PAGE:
Recording history has been easier than ever with the help of technology. Think of just a couple of decades ago when all the information was recorded in written documents. Tons of papers were used and kept from generation to generation. Like Luke says in his comment, “As anyone who’s done serious archival work before knows, you spend a whole lot of time digging through irrelevant material to find the gem that’ll be the center of your fourth chapter. But that gem only is a gem because of how you contextualize it and relate it to other bits of information you’ve gathered. “With the advances of technology, nowadays we can record all information in a disk, cd or just in the memory of our computer. Our next generations don’t need to search through an encyclopedia to learn about us, they do not need to walk in to a library to research about which team won the superbowl in 2011 or the major political events around the world in 2010. They will just need to click to search the topic, and click again to sort through all the given information.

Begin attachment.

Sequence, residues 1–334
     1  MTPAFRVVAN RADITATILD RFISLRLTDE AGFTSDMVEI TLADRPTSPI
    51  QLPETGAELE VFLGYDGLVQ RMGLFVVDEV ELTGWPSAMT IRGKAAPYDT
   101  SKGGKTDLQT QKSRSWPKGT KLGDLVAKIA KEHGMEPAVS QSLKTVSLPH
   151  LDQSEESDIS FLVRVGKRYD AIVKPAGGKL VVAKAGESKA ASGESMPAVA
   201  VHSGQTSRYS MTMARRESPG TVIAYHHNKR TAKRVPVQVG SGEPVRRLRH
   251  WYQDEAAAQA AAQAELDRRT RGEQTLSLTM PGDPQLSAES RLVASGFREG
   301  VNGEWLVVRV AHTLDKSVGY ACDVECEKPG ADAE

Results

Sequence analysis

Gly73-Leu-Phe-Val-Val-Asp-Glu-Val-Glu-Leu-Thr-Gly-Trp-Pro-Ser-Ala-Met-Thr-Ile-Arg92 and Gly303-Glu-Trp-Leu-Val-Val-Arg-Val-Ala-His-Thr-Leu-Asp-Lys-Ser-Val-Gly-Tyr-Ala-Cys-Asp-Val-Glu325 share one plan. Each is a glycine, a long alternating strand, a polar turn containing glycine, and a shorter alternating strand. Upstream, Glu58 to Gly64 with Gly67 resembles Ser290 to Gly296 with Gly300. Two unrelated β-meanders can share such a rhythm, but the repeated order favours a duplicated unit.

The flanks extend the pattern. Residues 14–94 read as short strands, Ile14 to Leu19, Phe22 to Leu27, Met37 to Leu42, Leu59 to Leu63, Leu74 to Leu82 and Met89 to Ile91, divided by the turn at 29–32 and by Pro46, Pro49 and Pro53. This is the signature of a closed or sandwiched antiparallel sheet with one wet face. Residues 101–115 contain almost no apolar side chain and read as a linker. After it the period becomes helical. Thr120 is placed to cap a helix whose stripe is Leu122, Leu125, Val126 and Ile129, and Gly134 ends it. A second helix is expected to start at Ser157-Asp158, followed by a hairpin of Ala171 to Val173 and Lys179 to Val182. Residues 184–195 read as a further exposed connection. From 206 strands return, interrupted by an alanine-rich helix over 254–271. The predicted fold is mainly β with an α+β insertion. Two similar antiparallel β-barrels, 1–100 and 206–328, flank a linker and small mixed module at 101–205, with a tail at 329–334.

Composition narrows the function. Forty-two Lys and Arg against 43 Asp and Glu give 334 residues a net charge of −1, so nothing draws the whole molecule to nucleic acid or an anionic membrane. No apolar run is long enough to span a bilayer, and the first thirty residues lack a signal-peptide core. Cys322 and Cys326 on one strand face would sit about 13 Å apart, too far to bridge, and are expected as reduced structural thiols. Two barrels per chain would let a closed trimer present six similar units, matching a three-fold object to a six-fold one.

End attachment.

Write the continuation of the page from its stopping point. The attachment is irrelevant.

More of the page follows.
We are fully engaged with technology every day. We know what is going on with our friends’ life even though we have not seen or talked to them in years, we just need to check their facebook status. And it seems to be that all these social network information are being recorded and stored somewhere for good.
People will sure think of privacy matters, but regardless, we are making history every day, and history is not just a recollection of events in the past, we should learn from it for a better future in the same way our future generations should learn from us.